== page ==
A prominent WikiLeaks supporter is suing the U.S. government for unlawfully seizing and copying the contents of his laptop at an international airport after returning from Mexico.
"The computer is like an extension of my mind," David House told the WaPost.
"It is my notes, my writing, locations I've been."
House - co-founder of a Bradley Manning advocacy group - said he was targeted by the DHS because of his support for the soldier, who stands accused of stealing and disseminating classified information.
"All these people working for the Manning Support Network, all of a sudden their names are in the open, and that is most worrisome."
Indeed, the laptop - which was held for a total of 49 days - contained personal/work e-mails, passwords, lists of potential donors and confidential messages from the Bradley Manning Support Network.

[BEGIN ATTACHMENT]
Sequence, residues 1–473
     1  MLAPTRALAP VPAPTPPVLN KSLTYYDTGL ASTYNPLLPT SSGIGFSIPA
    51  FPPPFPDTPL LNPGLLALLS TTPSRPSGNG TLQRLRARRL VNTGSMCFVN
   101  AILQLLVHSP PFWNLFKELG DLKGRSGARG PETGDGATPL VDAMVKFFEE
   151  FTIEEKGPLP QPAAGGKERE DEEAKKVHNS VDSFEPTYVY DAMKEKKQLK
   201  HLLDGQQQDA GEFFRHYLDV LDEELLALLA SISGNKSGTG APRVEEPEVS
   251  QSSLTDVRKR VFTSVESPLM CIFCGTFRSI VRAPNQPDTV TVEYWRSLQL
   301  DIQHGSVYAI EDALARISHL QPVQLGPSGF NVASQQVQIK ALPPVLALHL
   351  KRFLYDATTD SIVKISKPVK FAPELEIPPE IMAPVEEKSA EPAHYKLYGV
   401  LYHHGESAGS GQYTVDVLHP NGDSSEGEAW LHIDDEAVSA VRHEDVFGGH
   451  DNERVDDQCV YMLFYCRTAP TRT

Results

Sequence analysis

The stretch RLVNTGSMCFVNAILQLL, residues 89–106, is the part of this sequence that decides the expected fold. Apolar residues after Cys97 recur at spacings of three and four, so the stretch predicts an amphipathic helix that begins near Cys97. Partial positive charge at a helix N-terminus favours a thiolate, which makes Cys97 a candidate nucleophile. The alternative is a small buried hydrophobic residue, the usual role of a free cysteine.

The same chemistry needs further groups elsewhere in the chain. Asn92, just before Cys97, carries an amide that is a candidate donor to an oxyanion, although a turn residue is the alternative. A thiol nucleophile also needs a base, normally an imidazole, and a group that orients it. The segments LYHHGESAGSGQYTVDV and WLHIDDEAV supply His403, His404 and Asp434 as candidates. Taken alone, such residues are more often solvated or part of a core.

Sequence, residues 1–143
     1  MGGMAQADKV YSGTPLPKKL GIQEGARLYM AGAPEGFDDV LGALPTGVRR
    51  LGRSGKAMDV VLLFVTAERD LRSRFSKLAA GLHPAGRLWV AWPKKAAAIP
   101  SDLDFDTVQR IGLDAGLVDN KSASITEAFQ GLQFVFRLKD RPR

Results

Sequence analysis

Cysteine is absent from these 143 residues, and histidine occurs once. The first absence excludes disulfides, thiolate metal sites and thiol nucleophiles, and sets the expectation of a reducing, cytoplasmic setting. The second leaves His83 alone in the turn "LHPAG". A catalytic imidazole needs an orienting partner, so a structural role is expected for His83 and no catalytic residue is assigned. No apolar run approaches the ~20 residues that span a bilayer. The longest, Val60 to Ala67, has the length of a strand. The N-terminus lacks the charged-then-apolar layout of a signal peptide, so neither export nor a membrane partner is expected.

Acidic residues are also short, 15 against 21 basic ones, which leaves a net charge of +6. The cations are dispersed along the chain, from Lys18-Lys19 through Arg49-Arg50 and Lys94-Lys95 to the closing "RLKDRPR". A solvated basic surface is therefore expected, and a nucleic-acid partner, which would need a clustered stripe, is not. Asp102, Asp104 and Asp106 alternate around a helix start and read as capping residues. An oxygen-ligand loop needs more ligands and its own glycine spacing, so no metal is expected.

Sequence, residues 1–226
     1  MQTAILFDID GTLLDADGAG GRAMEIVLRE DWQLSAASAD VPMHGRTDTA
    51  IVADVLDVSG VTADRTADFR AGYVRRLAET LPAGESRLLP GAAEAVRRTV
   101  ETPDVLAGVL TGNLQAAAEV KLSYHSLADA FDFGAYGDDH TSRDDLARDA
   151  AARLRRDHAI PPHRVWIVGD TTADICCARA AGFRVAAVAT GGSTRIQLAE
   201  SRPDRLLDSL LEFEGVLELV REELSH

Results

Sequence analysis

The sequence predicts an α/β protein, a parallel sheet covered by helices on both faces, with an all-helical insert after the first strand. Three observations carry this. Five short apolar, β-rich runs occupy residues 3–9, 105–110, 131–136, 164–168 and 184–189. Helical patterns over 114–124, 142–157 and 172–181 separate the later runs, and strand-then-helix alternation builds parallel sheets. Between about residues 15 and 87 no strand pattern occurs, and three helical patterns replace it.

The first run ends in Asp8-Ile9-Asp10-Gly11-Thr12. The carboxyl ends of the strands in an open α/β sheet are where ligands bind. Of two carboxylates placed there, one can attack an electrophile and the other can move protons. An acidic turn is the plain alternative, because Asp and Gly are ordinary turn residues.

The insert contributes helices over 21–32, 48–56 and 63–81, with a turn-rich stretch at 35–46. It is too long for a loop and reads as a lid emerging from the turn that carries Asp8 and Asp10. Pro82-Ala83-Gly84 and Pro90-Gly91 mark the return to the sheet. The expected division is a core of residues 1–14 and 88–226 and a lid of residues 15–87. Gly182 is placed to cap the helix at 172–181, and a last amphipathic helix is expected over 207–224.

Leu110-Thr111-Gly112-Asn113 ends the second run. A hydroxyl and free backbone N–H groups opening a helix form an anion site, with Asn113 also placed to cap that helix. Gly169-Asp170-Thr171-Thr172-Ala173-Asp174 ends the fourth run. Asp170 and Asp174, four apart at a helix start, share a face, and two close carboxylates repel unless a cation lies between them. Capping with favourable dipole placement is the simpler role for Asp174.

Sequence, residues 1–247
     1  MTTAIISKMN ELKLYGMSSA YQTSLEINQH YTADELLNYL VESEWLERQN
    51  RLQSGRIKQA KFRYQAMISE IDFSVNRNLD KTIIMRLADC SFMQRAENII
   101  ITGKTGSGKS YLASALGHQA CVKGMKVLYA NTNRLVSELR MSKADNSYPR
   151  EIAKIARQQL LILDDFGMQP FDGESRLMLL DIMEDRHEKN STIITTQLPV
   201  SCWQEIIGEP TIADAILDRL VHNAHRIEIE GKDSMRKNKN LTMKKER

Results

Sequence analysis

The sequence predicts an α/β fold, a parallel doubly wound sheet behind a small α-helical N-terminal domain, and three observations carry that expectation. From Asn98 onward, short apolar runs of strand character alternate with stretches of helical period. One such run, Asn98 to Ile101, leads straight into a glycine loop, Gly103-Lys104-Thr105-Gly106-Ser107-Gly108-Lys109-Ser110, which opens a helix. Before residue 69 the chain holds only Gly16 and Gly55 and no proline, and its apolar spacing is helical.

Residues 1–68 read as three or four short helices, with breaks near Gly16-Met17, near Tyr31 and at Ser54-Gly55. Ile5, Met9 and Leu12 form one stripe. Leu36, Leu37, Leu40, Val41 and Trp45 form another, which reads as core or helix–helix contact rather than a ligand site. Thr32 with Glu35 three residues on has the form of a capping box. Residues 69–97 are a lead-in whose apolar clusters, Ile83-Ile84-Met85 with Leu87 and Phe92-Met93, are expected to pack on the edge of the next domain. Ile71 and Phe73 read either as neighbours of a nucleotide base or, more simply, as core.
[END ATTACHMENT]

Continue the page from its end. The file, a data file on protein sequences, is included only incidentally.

The American Civil Liberties Union has expressed concern over the seizure, as it believes the government lacked a crime and a "border-related" justification to search House's laptop which contained a significant amount of personal data.
David Cole, a law professor at George Washington University, seemed to concur with ACLU's assessment.
"[If the government seized the laptop not for] valid customs law enforcement purposes, but rather to get intelligence about protected political associations or as a way of avoiding the requirements of criminal law searches, then it seems to me they're abusing the border search exception for purposes it was never designed to serve."
But Paul Rosenzweig, a former senior DHS policy official, emphasized the Supreme Court had previously ruled that "searches made at the border... are reasonable simply by virtue of the fact that they occur at the border."
"It's absolutely clear that if you were carrying around your Rolodex in your briefcase across the border, the government can take it, photocopy it and give it back to you without probable cause or a reasonable suspicion," he added.